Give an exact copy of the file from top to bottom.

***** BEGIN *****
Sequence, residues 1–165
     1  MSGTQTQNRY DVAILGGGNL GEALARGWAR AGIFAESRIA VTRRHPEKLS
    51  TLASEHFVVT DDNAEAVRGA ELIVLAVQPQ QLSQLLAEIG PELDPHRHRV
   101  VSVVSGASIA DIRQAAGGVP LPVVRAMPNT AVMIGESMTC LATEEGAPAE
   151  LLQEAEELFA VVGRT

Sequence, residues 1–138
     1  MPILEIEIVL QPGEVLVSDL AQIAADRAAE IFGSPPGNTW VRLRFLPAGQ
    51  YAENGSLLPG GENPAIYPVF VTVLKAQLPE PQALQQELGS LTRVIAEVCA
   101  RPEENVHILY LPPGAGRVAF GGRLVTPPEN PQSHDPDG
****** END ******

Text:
Sequence, residues 1–165
     1  MSGTQTQNRY DVAILGGGNL GEALARGWAR AGIFAESRIA VTRRHPEKLS
    51  TLASEHFVVT DDNAEAVRGA ELIVLAVQPQ QLSQLLAEIG PELDPHRHRV
   101  VSVVSGASIA DIRQAAGGVP LPVVRAMPNT AVMIGESMTC LATEEGAPAE
   151  LLQEAEELFA VVGRT

Sequence, residues 1–138
     1  MPILEIEIVL QPGEVLVSDL AQIAADRAAE IFGSPPGNTW VRLRFLPAGQ
    51  YAENGSLLPG GENPAIYPVF VTVLKAQLPE PQALQQELGS LTRVIAEVCA
   101  RPEENVHILY LPPGAGRVAF GGRLVTPPEN PQSHDPDG